In contrast, immunotherapy has the potential to induce long-term clinical responses, as evidenced by the ability of effective immunotherapies to "raise the tail" of survival analysis curves. Strikingly, responses to immunotherapy are often observed months or even years after treatment has been discontinued, suggesting that antitumor immune responses evolve over time and are long-lived. Furthermore, because the immune system can eliminate tumor cells in a highly selective manner, immunotherapies are expected to offer improved safety and tolerability in comparison to direct cytotoxic therapies that not only eliminate tumor cells, but also cause significant collateral damage to normal tissues.
Identifying effective combination therapy regimens that are capable of breaking tumor immune tolerance may maximize the therapeutic benefit of cancer immunotherapies. For example, this may involve combining agents that actively stimulate antitumor immunity such as cancer vaccines with agents that inhibit the various mechanisms of tumor immune suppression, such as checkpoint inhibitors and/or agents that target cancer stem cells with the goal of achieving cures.  
Immunotherapies that target various aspects of cancer immunology not only have a strong potential for immunotherapy-specific combination therapies, but they are also attractive combination partners for existing standard-of-care treatment options, including chemotherapy and radiation. Until recently, many of these therapies were considered incompatible with immunotherapy because these treatments can potentially cause systemic immune suppression. It is now clear, however, that many standard-of-care therapies have positive effects on the tumor's immunological environment. For example, both chemotherapy and radiation have been shown to render the tumor cells more readily recognizable by the immune system. Furthermore, certain chemotherapies and targeted therapies are known to selectively deplete specific immunosuppressive cell types (e.g., regulatory T cells, myeloid-derived suppressor cells) that reside within tumors and prevent an effective immune response. These positive immunomodulatory properties of many standard-of-care therapies may therefore open a "window of opportunity" for enhancing the efficacy of cancer immunotherapy.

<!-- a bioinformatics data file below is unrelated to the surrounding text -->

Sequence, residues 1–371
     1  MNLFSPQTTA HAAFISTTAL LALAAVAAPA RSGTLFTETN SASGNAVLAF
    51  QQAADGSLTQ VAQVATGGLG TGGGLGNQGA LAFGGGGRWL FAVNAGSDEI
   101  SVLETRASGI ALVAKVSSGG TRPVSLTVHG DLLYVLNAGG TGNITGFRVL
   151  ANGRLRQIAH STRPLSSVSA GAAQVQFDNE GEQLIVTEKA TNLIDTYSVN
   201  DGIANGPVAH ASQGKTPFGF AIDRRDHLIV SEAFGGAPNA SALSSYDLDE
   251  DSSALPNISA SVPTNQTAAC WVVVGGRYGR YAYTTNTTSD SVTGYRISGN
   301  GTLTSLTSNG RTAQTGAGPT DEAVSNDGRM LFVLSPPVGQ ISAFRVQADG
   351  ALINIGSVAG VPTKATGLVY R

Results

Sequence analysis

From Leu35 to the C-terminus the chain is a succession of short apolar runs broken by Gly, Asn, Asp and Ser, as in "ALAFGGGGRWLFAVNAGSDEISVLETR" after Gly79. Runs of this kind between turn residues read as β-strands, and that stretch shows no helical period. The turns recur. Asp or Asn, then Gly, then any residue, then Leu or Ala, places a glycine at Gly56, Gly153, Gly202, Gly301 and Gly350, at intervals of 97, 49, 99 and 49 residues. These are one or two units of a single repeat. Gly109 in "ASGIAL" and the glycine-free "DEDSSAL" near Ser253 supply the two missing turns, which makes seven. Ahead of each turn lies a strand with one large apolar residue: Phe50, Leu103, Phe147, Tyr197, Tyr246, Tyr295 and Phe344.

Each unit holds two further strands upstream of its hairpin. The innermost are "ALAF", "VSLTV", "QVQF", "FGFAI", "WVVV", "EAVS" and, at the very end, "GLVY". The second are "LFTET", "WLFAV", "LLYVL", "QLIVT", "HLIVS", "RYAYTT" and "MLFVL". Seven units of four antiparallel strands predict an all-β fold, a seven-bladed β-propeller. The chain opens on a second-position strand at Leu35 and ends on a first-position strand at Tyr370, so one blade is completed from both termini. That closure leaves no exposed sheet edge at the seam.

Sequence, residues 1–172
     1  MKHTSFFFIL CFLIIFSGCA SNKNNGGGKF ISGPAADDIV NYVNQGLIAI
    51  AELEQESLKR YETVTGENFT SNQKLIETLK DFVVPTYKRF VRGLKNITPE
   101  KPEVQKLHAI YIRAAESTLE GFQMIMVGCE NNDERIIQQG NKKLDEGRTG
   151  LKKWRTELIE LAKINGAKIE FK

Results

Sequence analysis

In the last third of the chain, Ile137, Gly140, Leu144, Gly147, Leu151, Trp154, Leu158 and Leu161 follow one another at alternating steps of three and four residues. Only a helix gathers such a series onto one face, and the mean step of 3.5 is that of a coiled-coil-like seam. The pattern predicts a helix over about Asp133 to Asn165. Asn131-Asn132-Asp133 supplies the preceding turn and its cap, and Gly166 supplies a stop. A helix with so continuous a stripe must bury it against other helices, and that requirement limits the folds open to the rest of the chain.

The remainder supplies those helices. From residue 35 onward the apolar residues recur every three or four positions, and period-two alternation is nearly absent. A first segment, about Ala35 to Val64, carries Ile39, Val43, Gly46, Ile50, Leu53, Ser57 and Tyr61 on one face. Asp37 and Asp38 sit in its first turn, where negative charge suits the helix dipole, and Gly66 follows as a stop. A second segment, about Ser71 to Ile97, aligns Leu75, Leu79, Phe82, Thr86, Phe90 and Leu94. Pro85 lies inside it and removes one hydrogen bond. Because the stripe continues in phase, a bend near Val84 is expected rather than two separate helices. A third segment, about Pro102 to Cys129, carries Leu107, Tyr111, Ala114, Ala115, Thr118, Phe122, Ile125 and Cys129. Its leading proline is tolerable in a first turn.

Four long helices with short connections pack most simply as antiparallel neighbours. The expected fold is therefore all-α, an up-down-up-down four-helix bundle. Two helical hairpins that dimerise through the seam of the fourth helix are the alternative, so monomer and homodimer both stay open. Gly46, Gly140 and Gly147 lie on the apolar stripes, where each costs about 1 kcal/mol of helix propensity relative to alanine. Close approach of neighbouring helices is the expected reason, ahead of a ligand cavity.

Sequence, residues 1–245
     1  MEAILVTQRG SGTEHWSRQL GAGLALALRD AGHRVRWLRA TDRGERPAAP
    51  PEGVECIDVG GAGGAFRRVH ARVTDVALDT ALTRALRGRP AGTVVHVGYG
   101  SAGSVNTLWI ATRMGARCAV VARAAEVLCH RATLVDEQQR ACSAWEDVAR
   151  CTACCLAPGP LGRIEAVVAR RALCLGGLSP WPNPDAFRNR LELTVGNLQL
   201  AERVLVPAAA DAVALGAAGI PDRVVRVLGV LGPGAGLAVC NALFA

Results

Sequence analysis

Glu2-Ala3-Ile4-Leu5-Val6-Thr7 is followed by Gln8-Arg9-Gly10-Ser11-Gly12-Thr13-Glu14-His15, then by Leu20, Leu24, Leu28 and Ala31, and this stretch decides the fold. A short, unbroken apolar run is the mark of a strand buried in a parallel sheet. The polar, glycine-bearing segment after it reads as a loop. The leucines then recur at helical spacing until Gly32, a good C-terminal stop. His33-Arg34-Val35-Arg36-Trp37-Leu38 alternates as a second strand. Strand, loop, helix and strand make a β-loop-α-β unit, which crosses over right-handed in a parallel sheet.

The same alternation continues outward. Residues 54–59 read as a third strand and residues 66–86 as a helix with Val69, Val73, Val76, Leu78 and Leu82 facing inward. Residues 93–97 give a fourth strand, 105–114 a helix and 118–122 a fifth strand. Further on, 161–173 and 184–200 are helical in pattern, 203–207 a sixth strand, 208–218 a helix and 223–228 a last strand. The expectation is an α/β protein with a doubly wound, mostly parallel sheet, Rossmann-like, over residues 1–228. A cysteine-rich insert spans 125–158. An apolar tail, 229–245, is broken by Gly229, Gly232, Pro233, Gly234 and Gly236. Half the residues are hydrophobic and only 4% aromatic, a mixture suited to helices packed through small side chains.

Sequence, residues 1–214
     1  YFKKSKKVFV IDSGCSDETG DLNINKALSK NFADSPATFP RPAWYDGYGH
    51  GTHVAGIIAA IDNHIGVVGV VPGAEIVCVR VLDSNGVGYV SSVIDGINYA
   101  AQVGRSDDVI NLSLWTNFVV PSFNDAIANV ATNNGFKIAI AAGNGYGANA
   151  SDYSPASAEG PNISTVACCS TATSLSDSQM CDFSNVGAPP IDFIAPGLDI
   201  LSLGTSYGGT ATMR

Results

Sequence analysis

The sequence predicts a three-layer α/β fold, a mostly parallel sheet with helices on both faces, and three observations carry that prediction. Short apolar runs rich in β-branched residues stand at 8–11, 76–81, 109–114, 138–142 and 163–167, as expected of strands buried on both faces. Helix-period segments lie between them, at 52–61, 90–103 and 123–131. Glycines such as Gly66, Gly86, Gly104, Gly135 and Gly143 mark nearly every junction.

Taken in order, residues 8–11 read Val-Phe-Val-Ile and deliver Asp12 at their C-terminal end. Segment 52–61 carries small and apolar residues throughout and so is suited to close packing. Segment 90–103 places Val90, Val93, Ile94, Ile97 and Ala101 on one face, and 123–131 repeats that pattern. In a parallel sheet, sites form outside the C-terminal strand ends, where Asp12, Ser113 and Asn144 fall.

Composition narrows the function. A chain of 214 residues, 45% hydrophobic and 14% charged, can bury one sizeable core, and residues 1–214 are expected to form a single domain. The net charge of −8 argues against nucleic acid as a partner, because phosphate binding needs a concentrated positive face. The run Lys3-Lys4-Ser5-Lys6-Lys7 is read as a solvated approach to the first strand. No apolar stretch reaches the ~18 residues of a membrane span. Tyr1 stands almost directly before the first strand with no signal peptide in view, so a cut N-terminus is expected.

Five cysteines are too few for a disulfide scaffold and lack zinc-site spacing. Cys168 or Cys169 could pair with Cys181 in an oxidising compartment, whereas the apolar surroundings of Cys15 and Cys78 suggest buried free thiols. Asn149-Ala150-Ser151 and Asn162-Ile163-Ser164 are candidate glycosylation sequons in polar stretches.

Promising therapeutic strategies  
As the scientific and clinical communities gain a deeper understanding of the molecular basis of tumor immunology, it is becoming increasingly clear that if used in various combinations or earlier in disease, current and future immunotherapies hold the potential to transform cancer treatment. There are various immunotherapeutic strategies that are actively being explored, a few of which are described below.  
1. Tumor immune tolerance
Fundamental to the function of the immune system is its ability to discriminate "self" from "non-self." In a process known as self-tolerance, normal cells that make up the body's tissues and organs are recognized as self and therefore ignored by the immune system, whereas foreign organisms, such as bacteria or viruses, are recognized as non-self, attacked and removed from the body. By default, cancer cells are viewed as self because they arise from normal tissues.